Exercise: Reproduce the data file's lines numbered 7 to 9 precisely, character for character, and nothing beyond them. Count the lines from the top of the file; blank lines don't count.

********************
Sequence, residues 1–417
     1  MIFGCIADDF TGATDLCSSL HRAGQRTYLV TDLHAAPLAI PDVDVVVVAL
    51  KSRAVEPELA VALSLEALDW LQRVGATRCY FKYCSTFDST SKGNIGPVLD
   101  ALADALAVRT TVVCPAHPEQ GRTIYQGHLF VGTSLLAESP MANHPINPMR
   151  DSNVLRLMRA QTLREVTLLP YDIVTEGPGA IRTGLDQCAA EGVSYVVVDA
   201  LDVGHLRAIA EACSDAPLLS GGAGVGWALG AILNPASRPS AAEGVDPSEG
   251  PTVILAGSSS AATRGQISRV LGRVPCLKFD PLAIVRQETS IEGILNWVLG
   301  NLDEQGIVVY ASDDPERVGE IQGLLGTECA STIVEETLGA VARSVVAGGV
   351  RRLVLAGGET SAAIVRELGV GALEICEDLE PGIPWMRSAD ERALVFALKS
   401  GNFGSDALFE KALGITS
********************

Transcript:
   251  PTVILAGSSS AATRGQISRV LGRVPCLKFD PLAIVRQETS IEGILNWVLG
   301  NLDEQGIVVY ASDDPERVGE IQGLLGTECA STIVEETLGA VARSVVAGGV
   351  RRLVLAGGET SAAIVRELGV GALEICEDLE PGIPWMRSAD ERALVFALKS